Last major update issued on May 30, 2005 at 04:20 UTC.
geomagnetic data - last month (updated daily)]
[Solar wind and electron fluence charts (updated daily)]
[Solar cycles 21-23 (last update May 6, 2005)]
[Solar cycles 1-20]
[Graphical comparison of cycles 21, 22 and 23 (last update May 6, 2005)]
[Graphical comparison of cycles 2, 10, 13, 17, 20 and 23 (last update May 6, 2005)]
[Historical solar and geomagnetic data charts 1954-2004 (last update February 1, 2005)]
[Archived reports (last update May 15, 2005)]
The geomagnetic field was quiet to major storm on May 29. Solar wind speed ranged between 311 and 545 km/sec. A solar wind shock was observed at SOHO at 09:15 UTC. This was the arrival of the first halo CME observed on May 26. After this shock the interplanetary magnetic field was northwards until 15h UTC, then the IMF was mostly weakly to moderately southwards until just before 21h UTC. At 20:51 UTC SOHO recorded a possible solar wind shock, this may have been the arrival of the CME observed late on May 26. After 21:30 UTC the IMF was strongly southwards.
Solar flux measured at 20h UTC on 2.8 GHz was 92.7. The planetary
index was 22 (STAR Ap - based on the mean of three hour interval ap
Three hour interval K indices: 34332336 (planetary), 33333335 (Boulder).
The background x-ray flux is at the class B1 level.
At midnight there were 3 spotted regions on the visible solar disk. The solar flare activity level was very low. No C class events were recorded during the day.
Region 10767 decayed further and was quiet.
Region 10769 decayed and could become spotless today.
New region 10770 emerged in the northeast quadrant.
May 27-29: No obviously fully or partly potentially geoeffective CMEs were observed.
history (since late October 2002)
Compare today's report with the situation one solar rotation ago: 28 days ago 27 days ago 26 days ago
A coronal hole (CH168) in the southern hemisphere was in an Earth facing position on May 29. A recurrent coronal hole (CH169) in the northern hemisphere will rotate into an Earth facing position on June 2-3.
Processed SOHO/EIT 284 image at 01:06 UTC on May 30. The darkest areas on the solar disk are likely coronal holes.
The geomagnetic field is expected to be unsettled to minor storm on May 30, becoming quiet to unsettled on May 31. Unsettled to active conditions are possible on June 1-2 due to a high speed stream from CH168.
|Coronal holes (1)||Coronal mass ejections (2)||M and X class flares (3)|
1) Effects from a coronal hole could reach Earth
within the next 5 days. When the high speed stream has arrived
the color changes to green.
2) Material from a CME is likely to impact Earth within 96 hours.
3) There is a possibility of either M or X class flares within the next 48 hours.
Green: 0-20% probability, Yellow: 20-60% probability, Red: 60-100% probability.
Long distance low and medium frequency (below 2 MHz) propagation along east-west paths over high and upper middle latitudes is poor. Propagation along long distance north-south paths is good. Trans Atlantic propagation conditions are normally monitored every night on 1470 kHz. Dominant stations tonight: Before 02h UTC several stations from Brazil, including Rádio Papacasa, were audible. Near local sunrise Radio Cristal del Uruguay was dominant. Radio Champaquí (Argentina) had a fair signals at times on 1510 kHz after the Brazilian stations disappeared. A few stations from North America were noted in the 1600-1700 kHz range at about 02h UTC.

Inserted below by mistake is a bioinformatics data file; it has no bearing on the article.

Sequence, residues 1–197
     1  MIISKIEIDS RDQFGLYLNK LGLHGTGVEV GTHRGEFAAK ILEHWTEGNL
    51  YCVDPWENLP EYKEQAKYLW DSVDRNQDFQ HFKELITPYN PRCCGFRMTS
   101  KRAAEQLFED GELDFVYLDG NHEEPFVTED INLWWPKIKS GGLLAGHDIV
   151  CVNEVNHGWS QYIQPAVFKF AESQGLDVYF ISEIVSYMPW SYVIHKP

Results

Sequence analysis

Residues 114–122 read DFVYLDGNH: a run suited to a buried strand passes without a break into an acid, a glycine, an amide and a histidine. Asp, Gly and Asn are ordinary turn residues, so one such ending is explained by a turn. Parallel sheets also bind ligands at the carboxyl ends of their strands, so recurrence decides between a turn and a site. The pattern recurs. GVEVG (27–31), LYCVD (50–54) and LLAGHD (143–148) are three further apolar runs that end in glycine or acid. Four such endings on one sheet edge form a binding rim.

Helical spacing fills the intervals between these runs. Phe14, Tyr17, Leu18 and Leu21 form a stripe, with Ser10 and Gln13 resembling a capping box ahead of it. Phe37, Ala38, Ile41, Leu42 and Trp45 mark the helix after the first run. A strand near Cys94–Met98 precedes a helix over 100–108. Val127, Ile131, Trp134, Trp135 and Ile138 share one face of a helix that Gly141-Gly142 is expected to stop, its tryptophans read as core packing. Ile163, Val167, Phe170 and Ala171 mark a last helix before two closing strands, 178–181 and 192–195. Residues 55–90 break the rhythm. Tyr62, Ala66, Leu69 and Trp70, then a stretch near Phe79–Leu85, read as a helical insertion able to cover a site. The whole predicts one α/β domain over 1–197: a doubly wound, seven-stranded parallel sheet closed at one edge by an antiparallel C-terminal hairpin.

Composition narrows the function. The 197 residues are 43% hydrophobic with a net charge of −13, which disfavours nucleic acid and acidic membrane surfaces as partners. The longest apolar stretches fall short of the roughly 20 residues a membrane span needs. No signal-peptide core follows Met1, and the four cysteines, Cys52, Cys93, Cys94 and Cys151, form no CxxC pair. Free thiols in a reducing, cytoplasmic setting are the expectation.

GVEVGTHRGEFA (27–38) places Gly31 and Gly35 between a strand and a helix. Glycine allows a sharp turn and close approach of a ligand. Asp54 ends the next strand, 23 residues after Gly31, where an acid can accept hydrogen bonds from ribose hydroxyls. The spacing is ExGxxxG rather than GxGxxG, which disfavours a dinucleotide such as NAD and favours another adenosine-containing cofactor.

Compare to the previous day's image.
Data for all numbered solar regions according to the Solar Region Summary provided by NOAA/SEC. Comments are my own, as is the STAR spot count (spots observed at or inside a few hours before midnight) and data for regions not numbered by SEC or where SEC has observed no spots. SEC active region numbers in the table below and in the active region map above are the historic SEC/USAF numbers.
|Active region||Date numbered||SEC
|Location at midnight||Area||Classification||Comment|
|10769||2005.05.28||1||2||S07E69||0010||AXX||classification was BXO at midnight|
|10770||2005.05.29||4||5||N12E00||0020||CSO||area was 0030 at midnight|
|Total spot count:||25||40|
flux at Earth
|International sunspot number||Smoothed sunspot number|
cycle 23 sunspot max.
|2004.11||113.2||43.5||(34.8 predicted, -1.1)|
|2004.12||94.5||17.9||(33.4 predicted, -1.4)|
|2005.01||102.2||31.3||(30.9 predicted, -2.5)|
|2005.02||97.2||29.1||(28.3 predicted, -2.6)|
|2005.03||89.9||24.8||(26.5 predicted, -1.8)|
|2005.04||86.0||24.4||(24.6 predicted, -1.9)|
|2005.05||99.6 (1)||60.4 (2)||(22.0 predicted, -2.6)|
1) Running average based on the daily 20:00 UTC observed solar flux
value at 2800 MHz.
2) Unofficial, accumulated value based on the Boulder (NOAA/SEC) sunspot number. The official international sunspot number is typically 30-50% less.
This report has been prepared by Jan Alvestad. It is based partly on my own observations and analysis, and partly on data from some of these solar data sources. All time references are to the UTC day. Comments and suggestions are always welcome.